4           AutoETS  -0.418307      26.738534           0.000515          6
5            DeepAR  -0.499237       0.167962         102.945963          8
6     SeasonalNaive  -0.542743       0.025876           0.000505          2
7             ARIMA  -0.633613       0.533692           0.000363          5
8  AutoGluonTabular  -1.657198       0.124567           4.675190          7
Number of models trained: 9
Types of models trained:
{'ThetaModel', 'ARIMAModel', 'TimeSeriesGreedyEnsemble', 'ETSModel', 'NaiveModel', 'AutoGluonTabularModel', 'SeasonalNaiveModel', 'AutoETSModel', 'DeepARModel'}
****************** End of fit() summary ******************

The output of the fit_summary() method is displayed in a tabular format that includes columns for the model name, score on the internal validation set (score_val), prediction time for it (pred_time_val), marginal fitting time (fit_time_marginal), and the order in which the models were fit (fit_order).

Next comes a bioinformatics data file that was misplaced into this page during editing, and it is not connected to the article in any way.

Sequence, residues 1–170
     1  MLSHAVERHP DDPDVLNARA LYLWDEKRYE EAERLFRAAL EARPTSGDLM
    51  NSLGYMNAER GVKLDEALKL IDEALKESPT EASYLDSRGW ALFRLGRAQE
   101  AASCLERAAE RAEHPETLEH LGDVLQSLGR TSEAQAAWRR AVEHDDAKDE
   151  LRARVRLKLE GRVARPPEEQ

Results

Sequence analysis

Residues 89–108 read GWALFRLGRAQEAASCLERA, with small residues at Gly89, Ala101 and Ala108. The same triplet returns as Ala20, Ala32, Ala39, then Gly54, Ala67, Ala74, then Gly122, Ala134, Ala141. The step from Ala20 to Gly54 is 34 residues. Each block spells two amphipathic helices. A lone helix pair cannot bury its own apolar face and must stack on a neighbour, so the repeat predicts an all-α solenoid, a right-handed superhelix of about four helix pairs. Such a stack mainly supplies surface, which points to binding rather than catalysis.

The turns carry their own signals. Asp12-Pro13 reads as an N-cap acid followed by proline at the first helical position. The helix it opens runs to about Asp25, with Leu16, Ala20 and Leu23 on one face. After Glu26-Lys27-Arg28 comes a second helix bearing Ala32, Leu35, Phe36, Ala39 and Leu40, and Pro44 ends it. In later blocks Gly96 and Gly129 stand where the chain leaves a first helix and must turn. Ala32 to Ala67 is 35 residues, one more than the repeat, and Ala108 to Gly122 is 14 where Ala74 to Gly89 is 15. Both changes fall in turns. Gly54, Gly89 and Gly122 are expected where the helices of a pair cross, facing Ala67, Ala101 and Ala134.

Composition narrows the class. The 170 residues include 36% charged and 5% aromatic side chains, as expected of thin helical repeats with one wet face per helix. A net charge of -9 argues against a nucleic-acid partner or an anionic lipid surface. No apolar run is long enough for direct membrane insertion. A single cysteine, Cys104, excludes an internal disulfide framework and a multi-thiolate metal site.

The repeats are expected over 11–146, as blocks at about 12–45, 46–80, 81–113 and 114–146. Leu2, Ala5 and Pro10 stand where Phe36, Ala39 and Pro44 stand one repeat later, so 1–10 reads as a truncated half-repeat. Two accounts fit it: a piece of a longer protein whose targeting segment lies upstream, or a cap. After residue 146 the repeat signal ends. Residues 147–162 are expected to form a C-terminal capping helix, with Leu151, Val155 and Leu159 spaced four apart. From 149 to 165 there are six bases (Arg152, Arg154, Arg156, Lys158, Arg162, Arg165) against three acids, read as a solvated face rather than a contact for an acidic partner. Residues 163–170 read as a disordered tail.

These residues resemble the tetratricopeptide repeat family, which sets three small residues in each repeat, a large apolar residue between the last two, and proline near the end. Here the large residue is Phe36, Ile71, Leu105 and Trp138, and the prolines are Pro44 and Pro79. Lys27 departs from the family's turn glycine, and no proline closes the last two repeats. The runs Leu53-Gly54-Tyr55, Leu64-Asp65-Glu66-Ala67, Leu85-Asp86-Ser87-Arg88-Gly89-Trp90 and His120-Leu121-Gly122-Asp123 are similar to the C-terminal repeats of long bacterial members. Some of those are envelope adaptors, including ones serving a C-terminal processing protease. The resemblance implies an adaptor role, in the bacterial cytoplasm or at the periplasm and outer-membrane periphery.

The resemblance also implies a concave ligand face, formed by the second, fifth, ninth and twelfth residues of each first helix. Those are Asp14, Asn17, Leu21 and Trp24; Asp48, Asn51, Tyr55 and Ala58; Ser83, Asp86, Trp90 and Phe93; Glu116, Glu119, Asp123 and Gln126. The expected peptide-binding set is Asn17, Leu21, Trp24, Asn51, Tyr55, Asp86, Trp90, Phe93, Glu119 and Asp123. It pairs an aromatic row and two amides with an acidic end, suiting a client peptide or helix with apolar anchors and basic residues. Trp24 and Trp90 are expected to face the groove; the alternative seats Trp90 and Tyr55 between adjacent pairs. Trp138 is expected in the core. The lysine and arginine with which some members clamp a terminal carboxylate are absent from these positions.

The score_val column represents the evaluation metric specified during the creation of the TimeSeriesPredictor object, in our case, the Mean Absolute Percentage Error (MAPE).

In the given output, we can see that nine models were trained, one of which is the WeightedEnsemble model.

In this example, the WeightedEnsemble model had the best score and, therefore, it is considered the most suitable model for making predictions.

It combines the predictions of the other models with a simple weighted average optimized over the predictions on the internal validation set.

If you want more details about the specific ensemble selection process used to define the weights, check Rich Caruana’s paper.

Forecasting Time Series With The Fitted Ensemble

This section of the code demonstrates how to generate forecasts using the trained WeightedEnsemble model, evaluate the model’s performance, and save it for future use.

The first part of the code focuses on obtaining forecasts from the trained model:

predicted_df = predictor.predict(train_ag, model='WeightedEnsemble').reset_index()